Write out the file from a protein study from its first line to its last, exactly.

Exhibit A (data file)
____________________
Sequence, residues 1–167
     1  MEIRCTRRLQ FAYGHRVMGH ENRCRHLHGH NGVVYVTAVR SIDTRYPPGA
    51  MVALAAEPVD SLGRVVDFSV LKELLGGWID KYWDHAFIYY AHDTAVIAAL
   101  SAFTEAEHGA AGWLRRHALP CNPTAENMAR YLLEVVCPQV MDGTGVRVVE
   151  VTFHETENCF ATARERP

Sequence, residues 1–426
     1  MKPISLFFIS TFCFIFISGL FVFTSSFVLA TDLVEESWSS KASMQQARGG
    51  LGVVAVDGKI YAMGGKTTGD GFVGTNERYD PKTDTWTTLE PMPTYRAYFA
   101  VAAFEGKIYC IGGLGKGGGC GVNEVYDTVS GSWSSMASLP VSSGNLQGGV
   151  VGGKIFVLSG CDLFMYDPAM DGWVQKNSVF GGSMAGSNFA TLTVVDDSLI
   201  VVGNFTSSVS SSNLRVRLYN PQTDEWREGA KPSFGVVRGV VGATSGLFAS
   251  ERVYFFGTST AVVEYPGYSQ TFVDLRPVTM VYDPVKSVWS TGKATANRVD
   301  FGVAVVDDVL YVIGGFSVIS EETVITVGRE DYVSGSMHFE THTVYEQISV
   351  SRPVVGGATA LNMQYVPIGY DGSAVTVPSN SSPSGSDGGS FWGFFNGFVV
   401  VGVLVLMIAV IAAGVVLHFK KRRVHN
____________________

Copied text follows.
Sequence, residues 1–167
     1  MEIRCTRRLQ FAYGHRVMGH ENRCRHLHGH NGVVYVTAVR SIDTRYPPGA
    51  MVALAAEPVD SLGRVVDFSV LKELLGGWID KYWDHAFIYY AHDTAVIAAL
   101  SAFTEAEHGA AGWLRRHALP CNPTAENMAR YLLEVVCPQV MDGTGVRVVE
   151  VTFHETENCF ATARERP

Sequence, residues 1–426
     1  MKPISLFFIS TFCFIFISGL FVFTSSFVLA TDLVEESWSS KASMQQARGG
    51  LGVVAVDGKI YAMGGKTTGD GFVGTNERYD PKTDTWTTLE PMPTYRAYFA
   101  VAAFEGKIYC IGGLGKGGGC GVNEVYDTVS GSWSSMASLP VSSGNLQGGV
   151  VGGKIFVLSG CDLFMYDPAM DGWVQKNSVF GGSMAGSNFA TLTVVDDSLI
   201  VVGNFTSSVS SSNLRVRLYN PQTDEWREGA KPSFGVVRGV VGATSGLFAS
   251  ERVYFFGTST AVVEYPGYSQ TFVDLRPVTM VYDPVKSVWS TGKATANRVD
   301  FGVAVVDDVL YVIGGFSVIS EETVITVGRE DYVSGSMHFE THTVYEQISV
   351  SRPVVGGATA LNMQYVPIGY DGSAVTVPSN SSPSGSDGGS FWGFFNGFVV
   401  VGVLVLMIAV IAAGVVLHFK KRRVHN